Technology is an ephemeral beast. It’s the best thing ever – and then it’s gone, outdated and no longer amazing or mind-blowing. Or is it simply that we have become so used to the incredible availability of filter-down technology, we no longer celebrate or even recognise it?
I’m fascinated by filter-down technology because it tells us so much about our future and what we can expect. The things which we all own and use as commonplace vehicles for that technology have origins somewhere else – and much of it is military.
Virtually every smartphone has a GPS facility, for example - allowing you to navigate your way using satellites which had their origins guiding military vehicles, personnel and ships in combat manoeuvres. Once, we marvelled at how a plane could fire a missile with pin-point accuracy to hit an insurgent target, yet we adopt exactly the same technological process to smash the nearest pizza palace after a binge-drinking bout and barely give it a thought.
And aren’t apps brilliant…? Apps bring the world to your fingertips. We have apps for everything from measuring curtains to firing birds from catapults. Encyclopaedic volumes are a 3G connection away. How vastly different has this made our education system? Hours of research and time required to gather data is now compressed into nano-seconds as those packets of information whizz into your pocket.
And sadly, you are more likely to hear someone whining about the terrible three second delay in downloading the two-for-one coffee offer on Priority Moments than praising the god of all things technology based.
The fabulous nature of Moore’s Law governs much of this amazing change (see my previous Moore's Law
pondering on this…) as levels of power within technological devices ramp up perpetually, while prices cascade ever downwards.
This led me to take a look at the latest Raspberry Pi
computer. What a work of genius that is. Originally invented from scrap computer bits to enable third world countries to start out down an affordable technology path – it is now a full computer system the size of a credit card, costing less than thirty of your English quid - which children can learn to write code on. And this is undoubtedly the kind of development from filter-down technology which pushed the government into writing coding into the national curriculum for primary and secondary school pupils.
Of course – there’s a terrible dark side to this filter-down technological tsunami. No-one will forget the 9/11 attacks on New York, but many will forget that the terrorists did much of their flight training in simulators that were also once only used to train military pilots.
Nor will we escape from the cowardly videos posted on social media by terrorists operating in Syria and Iraq to create fear and publicise their propaganda. Reporting on such atrocities was once the domain of journalists working behind enemy lines, compiling interviews and filtering the truth - and it took time to make its way back into the global media. Communications has been radically altered through filter-down technology and those videos require nothing more than a smart phone and some connectivity to reach the masses instantly.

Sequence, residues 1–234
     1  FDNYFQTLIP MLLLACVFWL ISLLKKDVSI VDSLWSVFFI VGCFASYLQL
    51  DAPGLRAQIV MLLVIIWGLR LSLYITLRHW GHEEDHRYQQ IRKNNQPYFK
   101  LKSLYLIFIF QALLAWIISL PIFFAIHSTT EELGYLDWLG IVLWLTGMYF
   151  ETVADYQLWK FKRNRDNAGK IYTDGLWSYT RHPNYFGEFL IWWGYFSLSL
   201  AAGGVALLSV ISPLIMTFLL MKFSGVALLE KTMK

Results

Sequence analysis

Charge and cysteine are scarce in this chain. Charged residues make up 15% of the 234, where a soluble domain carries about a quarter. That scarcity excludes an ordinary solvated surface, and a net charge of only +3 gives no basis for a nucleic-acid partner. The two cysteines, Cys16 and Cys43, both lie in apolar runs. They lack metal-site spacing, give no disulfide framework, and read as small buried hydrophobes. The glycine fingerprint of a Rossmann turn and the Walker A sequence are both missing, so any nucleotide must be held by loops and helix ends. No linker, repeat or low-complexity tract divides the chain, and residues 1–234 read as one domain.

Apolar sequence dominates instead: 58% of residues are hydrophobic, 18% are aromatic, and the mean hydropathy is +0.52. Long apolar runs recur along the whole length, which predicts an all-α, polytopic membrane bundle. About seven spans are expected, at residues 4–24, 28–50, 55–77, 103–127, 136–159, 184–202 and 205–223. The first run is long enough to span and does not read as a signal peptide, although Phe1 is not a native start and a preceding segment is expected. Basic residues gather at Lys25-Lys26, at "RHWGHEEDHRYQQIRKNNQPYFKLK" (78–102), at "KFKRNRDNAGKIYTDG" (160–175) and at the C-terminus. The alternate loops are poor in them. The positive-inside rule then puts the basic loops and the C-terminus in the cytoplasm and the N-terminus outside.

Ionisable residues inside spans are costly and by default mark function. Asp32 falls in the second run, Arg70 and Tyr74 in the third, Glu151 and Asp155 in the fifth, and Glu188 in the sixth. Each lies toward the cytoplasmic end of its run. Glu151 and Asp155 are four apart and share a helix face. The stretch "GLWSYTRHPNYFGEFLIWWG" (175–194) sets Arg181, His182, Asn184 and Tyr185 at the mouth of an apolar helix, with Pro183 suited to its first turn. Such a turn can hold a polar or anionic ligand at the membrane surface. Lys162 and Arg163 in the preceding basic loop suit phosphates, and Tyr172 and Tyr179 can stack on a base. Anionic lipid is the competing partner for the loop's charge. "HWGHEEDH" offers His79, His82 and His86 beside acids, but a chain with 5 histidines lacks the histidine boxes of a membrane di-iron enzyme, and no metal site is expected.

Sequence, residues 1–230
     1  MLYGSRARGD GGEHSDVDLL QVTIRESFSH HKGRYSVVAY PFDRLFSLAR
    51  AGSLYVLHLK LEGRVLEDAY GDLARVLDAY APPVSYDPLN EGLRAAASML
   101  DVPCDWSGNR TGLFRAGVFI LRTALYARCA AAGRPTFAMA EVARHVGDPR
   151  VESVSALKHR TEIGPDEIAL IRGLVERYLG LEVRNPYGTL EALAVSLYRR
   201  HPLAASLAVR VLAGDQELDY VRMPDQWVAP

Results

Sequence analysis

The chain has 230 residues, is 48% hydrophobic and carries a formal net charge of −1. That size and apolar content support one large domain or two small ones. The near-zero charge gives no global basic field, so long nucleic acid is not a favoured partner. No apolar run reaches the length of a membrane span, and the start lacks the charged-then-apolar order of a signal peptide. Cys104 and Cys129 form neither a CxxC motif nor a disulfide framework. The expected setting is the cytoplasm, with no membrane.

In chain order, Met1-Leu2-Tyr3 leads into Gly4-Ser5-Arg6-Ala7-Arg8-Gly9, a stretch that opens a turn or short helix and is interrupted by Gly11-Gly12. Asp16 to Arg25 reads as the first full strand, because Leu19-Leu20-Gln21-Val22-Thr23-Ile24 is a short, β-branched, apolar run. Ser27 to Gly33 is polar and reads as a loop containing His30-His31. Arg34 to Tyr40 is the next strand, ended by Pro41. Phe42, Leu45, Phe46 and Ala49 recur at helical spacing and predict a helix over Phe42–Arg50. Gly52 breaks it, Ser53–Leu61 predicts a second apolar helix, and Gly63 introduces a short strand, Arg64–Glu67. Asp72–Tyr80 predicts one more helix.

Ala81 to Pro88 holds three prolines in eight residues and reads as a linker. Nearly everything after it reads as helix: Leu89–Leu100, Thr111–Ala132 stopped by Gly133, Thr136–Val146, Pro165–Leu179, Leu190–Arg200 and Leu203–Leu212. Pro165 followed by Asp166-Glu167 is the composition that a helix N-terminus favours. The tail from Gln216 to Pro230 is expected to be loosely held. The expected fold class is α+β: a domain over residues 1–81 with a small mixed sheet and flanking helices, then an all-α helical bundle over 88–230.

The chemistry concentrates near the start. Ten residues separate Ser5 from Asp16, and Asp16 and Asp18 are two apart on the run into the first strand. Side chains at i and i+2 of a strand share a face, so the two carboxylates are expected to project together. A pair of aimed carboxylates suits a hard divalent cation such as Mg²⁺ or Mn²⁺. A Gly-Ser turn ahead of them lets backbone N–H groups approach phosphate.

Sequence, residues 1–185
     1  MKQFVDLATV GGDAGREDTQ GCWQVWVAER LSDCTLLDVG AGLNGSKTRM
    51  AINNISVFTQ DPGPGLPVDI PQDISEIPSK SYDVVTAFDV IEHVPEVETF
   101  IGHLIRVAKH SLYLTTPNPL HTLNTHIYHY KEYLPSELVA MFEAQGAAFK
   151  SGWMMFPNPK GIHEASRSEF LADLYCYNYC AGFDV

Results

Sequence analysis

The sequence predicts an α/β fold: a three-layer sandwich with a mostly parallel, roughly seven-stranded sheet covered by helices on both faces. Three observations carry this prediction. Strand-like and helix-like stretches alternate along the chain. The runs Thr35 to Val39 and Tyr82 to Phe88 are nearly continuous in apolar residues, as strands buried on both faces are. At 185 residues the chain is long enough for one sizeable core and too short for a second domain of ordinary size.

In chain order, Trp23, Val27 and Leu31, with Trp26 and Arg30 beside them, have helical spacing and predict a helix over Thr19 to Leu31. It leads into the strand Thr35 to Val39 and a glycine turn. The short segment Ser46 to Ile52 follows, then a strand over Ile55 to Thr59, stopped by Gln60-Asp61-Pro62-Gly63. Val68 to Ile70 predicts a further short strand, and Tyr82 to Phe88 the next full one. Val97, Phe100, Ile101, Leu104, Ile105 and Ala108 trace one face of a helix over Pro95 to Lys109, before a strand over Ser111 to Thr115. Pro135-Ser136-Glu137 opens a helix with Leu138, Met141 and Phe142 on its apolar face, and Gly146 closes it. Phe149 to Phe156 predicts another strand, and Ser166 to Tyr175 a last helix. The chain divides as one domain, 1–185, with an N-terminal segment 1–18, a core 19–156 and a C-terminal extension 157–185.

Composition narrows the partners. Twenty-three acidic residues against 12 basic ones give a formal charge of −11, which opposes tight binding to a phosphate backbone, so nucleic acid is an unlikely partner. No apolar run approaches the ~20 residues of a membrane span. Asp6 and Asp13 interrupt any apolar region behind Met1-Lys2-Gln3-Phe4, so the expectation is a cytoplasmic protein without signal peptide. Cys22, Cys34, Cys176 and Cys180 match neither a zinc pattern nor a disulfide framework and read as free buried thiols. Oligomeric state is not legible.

Which brings me to the nub of this blog – filter-down technology is there for everyone and we should not fear that. It offers far more benefit to the world than harm.
For all of the horrific reportage winging its way around the Internet, there are many journalists and PR professionals making sure that core, balanced reporting takes place at the same pace of change. Public Relations is now super-fast thanks to social media platforms and massive bandwidth, enabling agencies to react instantaneously to the news agenda for much more targeted media relations engagement.
And let’s look at medicine. We are now witnessing the future of medical advance and it’s likely to be based around 3d printing. Yes – your own body parts will soon be available from any local hospital, built to your specification via the miracle of 3d printing.
This is no idle boast – we have already seen a little girl’s life transformed because surgeons could 3d print an exact replica of her heart and use that to establish a treatment.
The development of organic printable materials used in conjunction with 3d printers and genome science will eventually enable surgeons to print biologically matched replacement body parts, a development which is already in progress. All this from a technology that has its roots in rapid prototyping for manufacturers.
And the filter-down of technology means that soldiers in combat zones can use apps to translate and overcome language barriers, enabling better communications and helping to avoid confusion, fear and mistakes in highly charged situations.
This is only one of many instances where we are seeing the filtering of technology heading the other way. Readily available games console controllers are modified and used by the military to pilot drone aircraft remotely, because the technology which has filtered-down is so much more refined and cheaper to use than creating bespoke controllers.
So let’s all have a moment to marvel at your nearest bit of technology.
For instance, when your car next breaks down, try to consider that it’s a very rare occurrence because technology has made engines better and cars more reliable. In the 1980s for example, you could have reasonably expected multiple breakdowns per year.
When your phone next alerts you to the taxi waiting outside the kebab-house, thank technology for keeping you in the spicy warmth instead of hunting around in the rain for a working phone box and some change.
And when you turn your TV on to watch whatever you want from whenever it was broadcast – thank technology that the test-card no longer plagues your day…